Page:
Smith v. Frederick, 1 CA-CV 13-0443

Decision Date06 November 2014
Docket NumberNo. 1 CA-CV 13-0443,1 CA-CV 13-0443
PartiesIn re the Matter of: DENNIS MICHAEL SMITH, Petitioner/Appellant, v. TRICIA ANN FREDERICK, Respondent/Appellee.
CourtCourt of Appeals of Arizona

NOTICE: NOT FOR PUBLICATION. UNDER ARIZONA RULE OF THE SUPREME COURT 111(c), THIS DECISION DOES NOT CREATE LEGAL PRECEDENT AND MAY NOT BE CITED EXCEPT AS AUTHORIZED.

Appeal from the Superior Court in Maricopa County

Nos. DR1994-001148, DR1996-010662 & DR1999-022098 (Consolidated)

The Honorable John R. Hannah, Jr., Judge

AFFIRMED

COUNSEL

Gillespie, Shields & Durrant, Phoenix

By DeeAn Gillespie Strub

Counsel for Petitioner/Appellant

Rowley Chapman & Barney, LTD, Mesa

By Paul S. Rowley, Nathaniel H. Wadsworth

Counsel for Respondent/Appellee
MEMORANDUM DECISION

Judge Kenton D. Jones delivered the decision of the Court, in which Presiding Judge Peter B. Swann and Judge Michael J. Brown joined.

JONES, Judge:

¶1 Dennis Michael Smith (Father) appeals the trial court's denial of his motion for a new trial, in which he sought an evidentiary hearing to determine whether counsel for Tricia Ann Frederick (Mother) should be held jointly and severally liable for a fee award entered against Mother. For the following reasons, we affirm the trial court's ruling.

FACTS AND PROCEDURAL HISTORY

¶2 Father and Mother are the unmarried parents of a daughter (Child), born in 1999. In January 2011, Father filed a petition to modify a 2008 parenting time and custody order, in which he and Mother shared legal custody, he was the primary residential parent, and Mother had scheduled parenting time.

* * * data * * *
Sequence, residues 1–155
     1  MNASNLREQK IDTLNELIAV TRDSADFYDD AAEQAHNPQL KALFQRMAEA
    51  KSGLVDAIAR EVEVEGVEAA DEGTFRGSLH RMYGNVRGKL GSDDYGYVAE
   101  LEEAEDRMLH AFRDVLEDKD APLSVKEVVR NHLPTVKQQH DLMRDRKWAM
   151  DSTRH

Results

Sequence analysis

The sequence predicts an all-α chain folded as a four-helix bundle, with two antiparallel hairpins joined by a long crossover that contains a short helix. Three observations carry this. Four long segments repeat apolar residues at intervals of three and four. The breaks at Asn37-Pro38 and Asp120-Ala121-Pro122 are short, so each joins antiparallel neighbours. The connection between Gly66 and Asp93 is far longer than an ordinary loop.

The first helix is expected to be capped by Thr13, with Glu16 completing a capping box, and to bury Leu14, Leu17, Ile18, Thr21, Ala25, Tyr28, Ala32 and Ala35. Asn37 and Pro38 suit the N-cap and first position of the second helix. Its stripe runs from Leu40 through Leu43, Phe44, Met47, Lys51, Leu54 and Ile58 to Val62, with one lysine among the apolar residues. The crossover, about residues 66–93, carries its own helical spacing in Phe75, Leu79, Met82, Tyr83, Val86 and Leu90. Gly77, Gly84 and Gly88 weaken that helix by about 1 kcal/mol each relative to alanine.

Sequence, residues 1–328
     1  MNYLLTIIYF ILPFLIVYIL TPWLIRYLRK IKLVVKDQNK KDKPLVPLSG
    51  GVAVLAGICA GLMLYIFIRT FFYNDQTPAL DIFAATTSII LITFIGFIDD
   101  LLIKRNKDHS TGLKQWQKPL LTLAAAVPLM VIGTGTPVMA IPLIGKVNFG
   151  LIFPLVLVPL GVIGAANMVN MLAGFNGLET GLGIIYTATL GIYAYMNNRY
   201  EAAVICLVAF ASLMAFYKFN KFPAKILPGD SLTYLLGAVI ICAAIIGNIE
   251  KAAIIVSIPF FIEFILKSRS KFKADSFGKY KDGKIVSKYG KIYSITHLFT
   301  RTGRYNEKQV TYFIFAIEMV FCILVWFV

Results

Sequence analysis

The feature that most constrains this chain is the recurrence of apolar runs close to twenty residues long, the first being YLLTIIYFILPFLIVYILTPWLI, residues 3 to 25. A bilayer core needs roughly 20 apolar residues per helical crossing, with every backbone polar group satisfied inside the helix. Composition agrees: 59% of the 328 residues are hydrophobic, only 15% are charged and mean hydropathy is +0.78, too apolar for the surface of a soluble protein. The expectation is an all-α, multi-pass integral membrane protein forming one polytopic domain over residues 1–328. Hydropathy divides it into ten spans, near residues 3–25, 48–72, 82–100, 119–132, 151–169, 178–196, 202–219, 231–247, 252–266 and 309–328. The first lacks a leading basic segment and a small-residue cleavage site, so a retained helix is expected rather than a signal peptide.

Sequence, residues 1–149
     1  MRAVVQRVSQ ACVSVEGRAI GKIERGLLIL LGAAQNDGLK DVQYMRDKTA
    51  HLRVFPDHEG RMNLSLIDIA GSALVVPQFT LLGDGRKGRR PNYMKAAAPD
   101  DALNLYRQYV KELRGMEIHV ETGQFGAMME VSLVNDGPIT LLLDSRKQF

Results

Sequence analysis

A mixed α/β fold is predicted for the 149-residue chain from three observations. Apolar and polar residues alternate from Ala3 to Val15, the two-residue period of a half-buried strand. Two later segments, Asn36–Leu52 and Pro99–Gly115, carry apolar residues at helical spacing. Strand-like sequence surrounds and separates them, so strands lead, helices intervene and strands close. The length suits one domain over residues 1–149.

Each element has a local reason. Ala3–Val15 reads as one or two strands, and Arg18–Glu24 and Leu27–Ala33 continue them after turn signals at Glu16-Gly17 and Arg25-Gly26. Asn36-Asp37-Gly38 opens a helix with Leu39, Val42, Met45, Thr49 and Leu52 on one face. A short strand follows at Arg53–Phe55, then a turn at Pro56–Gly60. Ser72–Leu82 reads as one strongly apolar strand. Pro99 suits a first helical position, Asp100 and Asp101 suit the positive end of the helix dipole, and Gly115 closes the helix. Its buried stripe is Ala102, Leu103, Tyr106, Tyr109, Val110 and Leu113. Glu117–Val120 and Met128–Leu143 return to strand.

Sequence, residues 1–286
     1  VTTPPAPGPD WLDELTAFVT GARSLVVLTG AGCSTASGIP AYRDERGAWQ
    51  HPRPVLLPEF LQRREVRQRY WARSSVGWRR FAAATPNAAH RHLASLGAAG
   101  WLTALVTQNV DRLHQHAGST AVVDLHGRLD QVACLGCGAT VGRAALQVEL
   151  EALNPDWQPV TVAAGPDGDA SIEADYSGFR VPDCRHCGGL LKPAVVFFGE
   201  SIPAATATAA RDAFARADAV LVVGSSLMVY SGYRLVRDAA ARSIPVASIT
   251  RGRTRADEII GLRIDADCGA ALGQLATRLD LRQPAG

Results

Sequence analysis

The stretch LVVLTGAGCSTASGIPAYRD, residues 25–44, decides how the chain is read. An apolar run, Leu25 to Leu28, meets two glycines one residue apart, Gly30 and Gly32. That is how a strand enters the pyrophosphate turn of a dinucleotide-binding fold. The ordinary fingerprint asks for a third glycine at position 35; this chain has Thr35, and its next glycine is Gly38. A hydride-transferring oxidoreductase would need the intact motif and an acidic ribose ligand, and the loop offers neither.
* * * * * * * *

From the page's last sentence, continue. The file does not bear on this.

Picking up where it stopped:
¶ 3 In his petition, Father sought sole custody of Child, with limited supervised parenting time to Mother until Child was "emotionally stabilized." Father argued that Mother previously obtained an order of protection against him by "baselessly" alleging Father of sexual abuse on the grounds that he had failed to protect the Child from being "groomed" by a neighbor. The order was quashed forty-two days after it was issued, but Father was denied access to Child during that time period. Father asserted that, during the forty-two-day period, Mother emotionally manipulated Child into hating Father. Father further alleged Mother had made similar baseless accusations in the past.